The True Story of the Witch from Trick or Zombie Treat


If you read my Halloween-themed kids vs. monsters novel, Trick or Zombie Treat, then you might remember the character of the witch. Trick or treaters go to her house, and when they eat her “special” homemade candy, they magically transform into real-life versions of their costumes. What you may not know is that the character of the witch, Jane Kaniff, was based on a real person.

Jane “Naut” Kanniff was the wife of a Scottish physician who lived from the late 1700s to early 1800s. They settled in Clarksville, New York, now known as the town of Clarkstown and hamlet of West Nyack (my hometown). After her husband’s death, she continued to work with medicinal herbs. An eccentric woman, she had colorful hair and clothing, a pet black cat, and a talking parrot. She and her son mostly kept to themselves, which was odd in a small town where everyone knew each other.

After a series of unlucky occurrences around Clarksville, such as difficulty churning butter and a cow failing to produce milk, the townspeople looked for someone to blame. The eccentric loner, Naut Kanniff, was an easy target. She was accused of using diabolical witchcraft to deliberately cause the unfortunate events in the town.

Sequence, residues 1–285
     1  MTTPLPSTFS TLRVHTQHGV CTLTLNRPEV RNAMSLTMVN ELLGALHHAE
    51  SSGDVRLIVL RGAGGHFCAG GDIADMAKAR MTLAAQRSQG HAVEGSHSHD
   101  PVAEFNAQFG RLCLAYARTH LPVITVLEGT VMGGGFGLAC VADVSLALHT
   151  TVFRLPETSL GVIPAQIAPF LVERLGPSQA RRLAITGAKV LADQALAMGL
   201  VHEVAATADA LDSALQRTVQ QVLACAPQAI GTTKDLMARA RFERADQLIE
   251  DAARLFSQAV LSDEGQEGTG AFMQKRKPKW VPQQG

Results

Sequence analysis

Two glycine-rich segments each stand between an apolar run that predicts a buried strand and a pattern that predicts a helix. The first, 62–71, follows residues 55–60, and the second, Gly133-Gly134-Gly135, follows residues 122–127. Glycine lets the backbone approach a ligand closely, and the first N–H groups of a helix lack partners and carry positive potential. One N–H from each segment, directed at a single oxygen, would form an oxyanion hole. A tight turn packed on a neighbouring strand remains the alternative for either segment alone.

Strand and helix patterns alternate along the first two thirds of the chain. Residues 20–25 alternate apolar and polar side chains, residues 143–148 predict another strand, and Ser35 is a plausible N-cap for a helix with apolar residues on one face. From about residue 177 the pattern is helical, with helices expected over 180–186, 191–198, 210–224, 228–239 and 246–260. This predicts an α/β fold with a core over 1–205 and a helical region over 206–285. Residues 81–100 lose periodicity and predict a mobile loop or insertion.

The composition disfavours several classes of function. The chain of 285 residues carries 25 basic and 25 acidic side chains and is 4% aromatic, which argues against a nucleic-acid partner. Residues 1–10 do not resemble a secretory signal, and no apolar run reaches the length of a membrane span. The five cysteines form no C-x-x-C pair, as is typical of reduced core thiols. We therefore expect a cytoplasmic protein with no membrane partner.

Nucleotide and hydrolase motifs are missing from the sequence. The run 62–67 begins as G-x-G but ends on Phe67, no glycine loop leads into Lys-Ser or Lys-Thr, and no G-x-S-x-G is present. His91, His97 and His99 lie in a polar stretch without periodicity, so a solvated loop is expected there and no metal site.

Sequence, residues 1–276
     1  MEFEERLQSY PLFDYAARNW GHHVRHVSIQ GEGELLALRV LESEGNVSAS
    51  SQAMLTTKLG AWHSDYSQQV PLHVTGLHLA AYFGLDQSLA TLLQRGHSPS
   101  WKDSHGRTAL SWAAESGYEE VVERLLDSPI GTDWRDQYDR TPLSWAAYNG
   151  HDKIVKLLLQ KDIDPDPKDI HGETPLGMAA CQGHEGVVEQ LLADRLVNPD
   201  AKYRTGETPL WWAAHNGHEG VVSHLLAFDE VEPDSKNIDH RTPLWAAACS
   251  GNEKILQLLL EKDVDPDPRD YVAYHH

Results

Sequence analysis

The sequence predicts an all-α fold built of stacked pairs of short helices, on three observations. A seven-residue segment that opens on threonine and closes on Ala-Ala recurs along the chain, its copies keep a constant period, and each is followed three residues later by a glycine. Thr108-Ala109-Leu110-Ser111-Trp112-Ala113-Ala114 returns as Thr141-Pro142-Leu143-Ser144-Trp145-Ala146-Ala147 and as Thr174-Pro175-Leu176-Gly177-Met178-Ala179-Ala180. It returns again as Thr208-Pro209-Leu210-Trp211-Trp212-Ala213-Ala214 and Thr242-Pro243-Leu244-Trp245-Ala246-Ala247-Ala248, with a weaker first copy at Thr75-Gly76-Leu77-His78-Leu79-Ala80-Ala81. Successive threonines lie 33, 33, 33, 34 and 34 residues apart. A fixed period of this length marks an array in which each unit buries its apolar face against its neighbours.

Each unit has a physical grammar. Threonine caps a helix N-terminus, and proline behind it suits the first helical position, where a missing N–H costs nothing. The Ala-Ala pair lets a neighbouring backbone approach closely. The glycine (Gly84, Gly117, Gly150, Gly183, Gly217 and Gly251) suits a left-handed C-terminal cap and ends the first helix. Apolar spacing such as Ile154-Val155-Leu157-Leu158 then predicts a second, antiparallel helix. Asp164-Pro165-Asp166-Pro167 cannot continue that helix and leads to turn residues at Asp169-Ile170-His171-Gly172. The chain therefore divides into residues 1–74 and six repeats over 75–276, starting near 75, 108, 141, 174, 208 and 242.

Most of the witch trials in America took place in the 1600s, and by the 1800s they were largely considered an uncivilized practice of the past. However, some people remained superstitious. An official judge at the time likely would have dismissed an accusation of witchcraft, so the local farmers and townspeople decided to try Jane Kanniff on their own. The Kanniff witch trial of 1816 has the distinction of being the last witch trial in the state of New York.

The townspeople demanded Kanniff be thrown into a mill pond with her hands and feet bound together with heavy metal. If she floated, that meant she was a witch and would be burned at the stake or hanged. If, however, she sank in the pond, that meant she was innocent. They would tie a rope to pull her from the pond if she sank, but often times, they weren’t fast enough, and many innocent women drowned from this practice.


Fortunately for Kanniff, the townspeople reconsidered the dunking method and decided to use an alternative witch test. They’d use a scale to weigh her against a brass-bound Dutch Bible. If she was lighter, it meant she was a witch; if she was heavier, it meant she was not a witch. Naturally, Kanniff passed the test and avoided execution.

Kanniff’s story had a happy ending, but most witch trials did not. Between the 15th and 18th centuries, an estimated 50,000 women were killed for witchcraft in Europe and America. Since there’s no such thing as actual supernatural witchcraft, most of those women were just as innocent as Jane “Naut” Kanniff. Women who fell victim to witch-hunts were targeted due to a combination of sexism and religious superstition. When something bad happens, it’s human nature to look to blame someone else or the supernatural rather than admit it was your own fault or no one’s fault and just bad luck.

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